How to Test APIs in Ruby with Airborne

While there are numerous API testing solutions, the Ruby Airborne API tester Gem will be of interest to those API providers with a strong inclination towards the Ruby platform. If you follow along all the steps, you'll create an API test running against the Trello APITrack this API, a real API with formal authentication tokens. Or you can do the faster version, reading along to get a "feel" if Airborne is something that you'd like to try. A real follow-through requires some set up. You'll need to install the Ruby programming language along with the Airborne Gem, create an account on Trello.com, and generate an application key and a token to use the Trello API.

Feature Set

A handful of features are mandatory for an API testing framework — wrappers to make calls easy, assertions or the ability to extend and create them, and chaining or the ability to use part of a response in the next API call. Though discussed elsewhere in this series, you should remember that assertions are tools used to check that some aspect of the response is what you're expecting and chaining is when you store part of a API response in a variable to use later. Airborne can do all of these things.

People that test APIs will want to apply assertions to specific keys in the JSON response, date and data types, headers and header contents, and HTTP status. All of these are built into the framework. You can read about the full set of assertions by looking at request_expectations.rb in the Airborne GitHub repository. Chaining can either be done with the extract_expected_value() method or by assigning variables using the Ruby programming language. This is crucial for products that need to authenticate with a username and password, get a token in the response, and then use that token in the next request. Chaining is also important for data manipulation — create a new Trello board, capture the ID new board, and then use the ID to refer to that board so you can make a change. Airborne is free and open source, so you can extend the library if there are important features missing.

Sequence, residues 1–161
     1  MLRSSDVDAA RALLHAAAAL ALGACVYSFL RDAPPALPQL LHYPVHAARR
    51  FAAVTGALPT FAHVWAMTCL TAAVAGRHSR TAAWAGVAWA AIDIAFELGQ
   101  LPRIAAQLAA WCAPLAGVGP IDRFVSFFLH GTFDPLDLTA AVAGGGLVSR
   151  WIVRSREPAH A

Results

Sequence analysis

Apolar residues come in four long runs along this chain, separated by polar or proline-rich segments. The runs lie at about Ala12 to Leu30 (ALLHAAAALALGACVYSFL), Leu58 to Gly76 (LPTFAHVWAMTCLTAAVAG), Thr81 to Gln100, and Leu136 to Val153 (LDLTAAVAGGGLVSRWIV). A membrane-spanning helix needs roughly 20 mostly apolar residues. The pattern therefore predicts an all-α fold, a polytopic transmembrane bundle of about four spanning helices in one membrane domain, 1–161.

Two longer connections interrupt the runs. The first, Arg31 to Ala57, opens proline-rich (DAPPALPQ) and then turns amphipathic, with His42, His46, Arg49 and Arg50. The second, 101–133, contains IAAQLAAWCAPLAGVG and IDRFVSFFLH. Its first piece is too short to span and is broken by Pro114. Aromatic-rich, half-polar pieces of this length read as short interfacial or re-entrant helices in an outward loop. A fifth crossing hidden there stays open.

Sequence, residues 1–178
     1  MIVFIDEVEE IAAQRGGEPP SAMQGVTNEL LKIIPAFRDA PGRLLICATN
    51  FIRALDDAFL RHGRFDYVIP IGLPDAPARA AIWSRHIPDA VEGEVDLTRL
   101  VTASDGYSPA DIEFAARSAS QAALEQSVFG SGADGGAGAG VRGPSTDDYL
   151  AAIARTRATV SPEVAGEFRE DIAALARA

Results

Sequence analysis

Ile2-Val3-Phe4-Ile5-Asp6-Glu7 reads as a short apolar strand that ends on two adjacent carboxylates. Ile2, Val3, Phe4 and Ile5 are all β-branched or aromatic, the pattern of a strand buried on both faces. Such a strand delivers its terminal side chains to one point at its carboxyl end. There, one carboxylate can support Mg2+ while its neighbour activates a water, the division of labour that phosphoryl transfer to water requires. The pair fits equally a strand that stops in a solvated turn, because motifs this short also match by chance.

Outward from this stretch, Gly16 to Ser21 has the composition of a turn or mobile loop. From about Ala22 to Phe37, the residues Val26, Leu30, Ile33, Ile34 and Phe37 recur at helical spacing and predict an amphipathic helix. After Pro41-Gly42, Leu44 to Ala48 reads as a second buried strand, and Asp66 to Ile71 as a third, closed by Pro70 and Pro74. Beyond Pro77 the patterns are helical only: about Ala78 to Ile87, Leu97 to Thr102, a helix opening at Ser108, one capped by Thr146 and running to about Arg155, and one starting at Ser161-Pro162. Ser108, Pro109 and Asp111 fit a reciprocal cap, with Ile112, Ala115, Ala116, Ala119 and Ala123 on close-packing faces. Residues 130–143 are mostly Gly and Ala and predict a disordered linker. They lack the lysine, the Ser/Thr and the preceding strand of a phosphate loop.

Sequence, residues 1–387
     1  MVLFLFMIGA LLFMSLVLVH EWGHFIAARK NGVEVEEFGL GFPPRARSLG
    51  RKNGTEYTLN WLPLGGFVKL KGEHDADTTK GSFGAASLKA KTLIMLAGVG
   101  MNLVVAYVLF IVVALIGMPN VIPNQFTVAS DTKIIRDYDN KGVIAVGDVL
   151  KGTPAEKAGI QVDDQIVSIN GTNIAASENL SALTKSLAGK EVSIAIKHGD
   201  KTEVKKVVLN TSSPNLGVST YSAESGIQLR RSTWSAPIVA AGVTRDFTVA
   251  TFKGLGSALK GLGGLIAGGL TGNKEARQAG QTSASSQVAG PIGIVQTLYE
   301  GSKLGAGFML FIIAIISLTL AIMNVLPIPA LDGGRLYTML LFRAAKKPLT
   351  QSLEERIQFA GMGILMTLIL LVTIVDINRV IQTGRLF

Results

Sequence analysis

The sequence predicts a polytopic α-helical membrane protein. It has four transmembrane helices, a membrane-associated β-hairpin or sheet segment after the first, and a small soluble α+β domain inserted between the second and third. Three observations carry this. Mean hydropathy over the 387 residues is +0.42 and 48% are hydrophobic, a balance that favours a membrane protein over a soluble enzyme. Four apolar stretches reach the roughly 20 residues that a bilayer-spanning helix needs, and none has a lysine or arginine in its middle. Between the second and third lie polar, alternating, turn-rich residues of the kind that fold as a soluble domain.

Here is a simple example of a POST using Airborne:


require 'airborne'


describe 'sample spec' do
  it 'should create a new Trello board' do